The Dow Jones Industrial Average (DJIA) salvaged a meager gain on Thursday, largely thanks to Apple and the other few tech stocks in the blue-chip index.
Outside of tech, the stock market was under pressure. Jobless claims jumped back above 1 million for the 21st time in 22 weeks . Elsewhere, President Donald Trump suffered one of his worst days in recent memory.
Thursday’s stock market rally was all about tech, which explains why the Nasdaq was comfortably the leader among Wall Street’s major indices.
Here’s where they stood just ahead of the close:
The always hotly anticipated initial jobless claims number came in before the bell this morning. New filings ratcheted up to 1.1 million, proving the descent into six-figure territory was short-lived. This suggests the labor market may be headed in the wrong direction.
On the other hand, Dow bulls cheered a larger-than-expected drop in continuing claims. Watch the video below for more details on today’s data:
Even the most optimistic investor has to admit that the recovery in U.S. employment is proving to be sluggish at best.
And today’s tepid move in the Dow Jones follows Wednesday’s Federal Reserve-induced reality-check moment.
The FOMC minutes clearly spooked investors, though some analysts believe Wall Street will forget them soon enough. That’s what Chris Beauchamp, chief market analyst at IG, predicts is going to happen:
The minutes should not be viewed in any hawkish light, but instead seen as a necessary pause for the central bank to reassess the outlook. Markets have been able to weather much bigger problems than a set of central bank minutes, with no indication thus far that the overnight weakness is about to turn into something more substantial.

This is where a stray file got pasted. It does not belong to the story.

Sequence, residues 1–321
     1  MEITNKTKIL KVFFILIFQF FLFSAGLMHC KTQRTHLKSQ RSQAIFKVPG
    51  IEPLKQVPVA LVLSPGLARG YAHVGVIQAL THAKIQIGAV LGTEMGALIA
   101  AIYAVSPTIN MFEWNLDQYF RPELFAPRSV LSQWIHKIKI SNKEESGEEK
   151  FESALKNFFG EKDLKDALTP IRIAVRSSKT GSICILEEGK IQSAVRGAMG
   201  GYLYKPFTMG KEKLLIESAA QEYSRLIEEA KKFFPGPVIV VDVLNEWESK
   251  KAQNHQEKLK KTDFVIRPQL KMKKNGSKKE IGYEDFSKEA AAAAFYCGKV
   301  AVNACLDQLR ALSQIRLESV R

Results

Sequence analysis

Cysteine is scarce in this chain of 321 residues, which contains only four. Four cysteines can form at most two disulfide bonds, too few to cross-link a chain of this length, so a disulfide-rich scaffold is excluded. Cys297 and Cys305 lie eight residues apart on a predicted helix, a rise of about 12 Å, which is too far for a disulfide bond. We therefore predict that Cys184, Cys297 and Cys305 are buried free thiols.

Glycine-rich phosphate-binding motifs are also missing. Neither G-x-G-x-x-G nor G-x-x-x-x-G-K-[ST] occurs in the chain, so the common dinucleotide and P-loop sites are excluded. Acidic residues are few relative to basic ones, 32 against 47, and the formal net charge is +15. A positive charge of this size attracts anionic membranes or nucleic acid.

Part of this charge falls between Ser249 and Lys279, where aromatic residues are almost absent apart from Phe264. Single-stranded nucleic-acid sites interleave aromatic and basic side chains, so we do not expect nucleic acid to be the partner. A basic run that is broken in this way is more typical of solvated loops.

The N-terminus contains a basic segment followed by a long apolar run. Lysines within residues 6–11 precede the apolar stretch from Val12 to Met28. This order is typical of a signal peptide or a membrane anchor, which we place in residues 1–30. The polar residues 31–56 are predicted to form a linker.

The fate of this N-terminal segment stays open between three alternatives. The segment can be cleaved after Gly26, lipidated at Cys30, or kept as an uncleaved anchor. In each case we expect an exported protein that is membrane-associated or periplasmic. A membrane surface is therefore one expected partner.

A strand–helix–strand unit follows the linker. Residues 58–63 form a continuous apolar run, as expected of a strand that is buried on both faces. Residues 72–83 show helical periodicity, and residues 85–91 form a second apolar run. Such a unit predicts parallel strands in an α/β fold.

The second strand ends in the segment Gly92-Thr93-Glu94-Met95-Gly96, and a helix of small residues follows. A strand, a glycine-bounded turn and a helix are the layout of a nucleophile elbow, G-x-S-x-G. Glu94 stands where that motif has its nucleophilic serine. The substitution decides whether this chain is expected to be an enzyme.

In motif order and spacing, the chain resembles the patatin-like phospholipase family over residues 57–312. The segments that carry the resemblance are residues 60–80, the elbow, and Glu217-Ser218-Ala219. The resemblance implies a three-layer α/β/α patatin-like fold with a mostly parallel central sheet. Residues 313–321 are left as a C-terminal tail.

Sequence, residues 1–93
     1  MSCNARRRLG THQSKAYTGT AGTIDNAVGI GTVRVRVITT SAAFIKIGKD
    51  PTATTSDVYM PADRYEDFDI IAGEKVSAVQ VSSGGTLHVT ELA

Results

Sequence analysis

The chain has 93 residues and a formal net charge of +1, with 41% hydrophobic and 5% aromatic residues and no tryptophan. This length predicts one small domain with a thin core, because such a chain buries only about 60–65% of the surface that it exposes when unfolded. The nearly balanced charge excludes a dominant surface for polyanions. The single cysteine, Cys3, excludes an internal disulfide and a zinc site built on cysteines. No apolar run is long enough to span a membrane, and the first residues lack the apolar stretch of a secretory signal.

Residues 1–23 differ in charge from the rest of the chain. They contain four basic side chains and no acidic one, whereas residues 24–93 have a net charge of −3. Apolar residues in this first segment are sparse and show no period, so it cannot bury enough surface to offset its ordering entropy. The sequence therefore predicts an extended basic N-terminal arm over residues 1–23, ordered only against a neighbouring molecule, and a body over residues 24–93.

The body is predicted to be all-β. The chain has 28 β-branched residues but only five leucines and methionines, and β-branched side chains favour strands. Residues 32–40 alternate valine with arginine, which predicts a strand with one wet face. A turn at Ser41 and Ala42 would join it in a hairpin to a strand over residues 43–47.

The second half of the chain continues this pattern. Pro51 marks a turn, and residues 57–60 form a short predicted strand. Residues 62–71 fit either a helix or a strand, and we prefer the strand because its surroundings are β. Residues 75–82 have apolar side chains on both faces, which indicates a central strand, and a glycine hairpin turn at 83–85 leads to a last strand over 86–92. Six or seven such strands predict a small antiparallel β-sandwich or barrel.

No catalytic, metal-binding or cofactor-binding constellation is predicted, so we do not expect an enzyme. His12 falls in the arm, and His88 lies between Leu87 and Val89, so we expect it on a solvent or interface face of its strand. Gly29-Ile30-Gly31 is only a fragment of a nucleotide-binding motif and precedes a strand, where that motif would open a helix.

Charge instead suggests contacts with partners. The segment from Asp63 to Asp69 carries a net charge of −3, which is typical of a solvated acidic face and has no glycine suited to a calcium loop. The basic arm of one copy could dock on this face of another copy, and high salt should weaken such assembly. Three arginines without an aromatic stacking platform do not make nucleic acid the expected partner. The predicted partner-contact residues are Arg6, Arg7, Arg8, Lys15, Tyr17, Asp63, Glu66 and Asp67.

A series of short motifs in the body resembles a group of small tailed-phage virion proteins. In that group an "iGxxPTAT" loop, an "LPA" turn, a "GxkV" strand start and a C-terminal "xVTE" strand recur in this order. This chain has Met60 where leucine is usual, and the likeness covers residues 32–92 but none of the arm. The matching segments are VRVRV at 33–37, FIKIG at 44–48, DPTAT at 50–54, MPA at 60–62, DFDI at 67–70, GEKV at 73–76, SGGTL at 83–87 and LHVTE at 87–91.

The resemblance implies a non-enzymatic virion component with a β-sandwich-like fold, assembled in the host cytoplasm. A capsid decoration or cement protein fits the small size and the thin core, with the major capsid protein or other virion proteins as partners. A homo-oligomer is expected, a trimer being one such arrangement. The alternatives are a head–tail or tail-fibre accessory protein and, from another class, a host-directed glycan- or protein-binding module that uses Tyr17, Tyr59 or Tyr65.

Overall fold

This is typically the point in election years when the stock market begins to laser in on political considerations. And boy, did President Donald Trump and the White House have a day to forget.
First, the Department of Justice indicted Steve Bannon , Trump’s former chief strategist, for fraud. Then, a federal judge ruled the president must hand over his tax returns to the Manhattan district attorney’s office.
Trump has weathered ugly news cycles before, but he’ll need to do more than survive them to chip away at Joe Biden’s 7.6 percentage point lead in the polls.
Right now, he appears determined to relitigate battles with old foes – rather than focus on the one he’ll face in November. Just look at his new campaign ad, which essentially treats Joe Biden as an afterthought:
It was a relatively flat day for the overall Dow 30 , but underneath the hood, there was some sharp volatility.
Tech was the unquestioned leader. Microsoft jumped 2.4%, while Apple added 2.2% a day after becoming the first company with a $2 trillion market cap. Intel followed close behind with a 2.1% rally.
While Tesla is not a Dow Jones component, it’s impossible to talk about tech and not mention TSLA breaching $2,000 for the first time. Following a historic rally, Elon Musk’s automaker is officially worth more than Walmart.
With most of the gains concentrated in tech, the Dow Jones is becoming an index of the haves and the have nots. Nearly two-thirds of the index traded lower ahead of the closing bell, with seven stocks down at least 1%.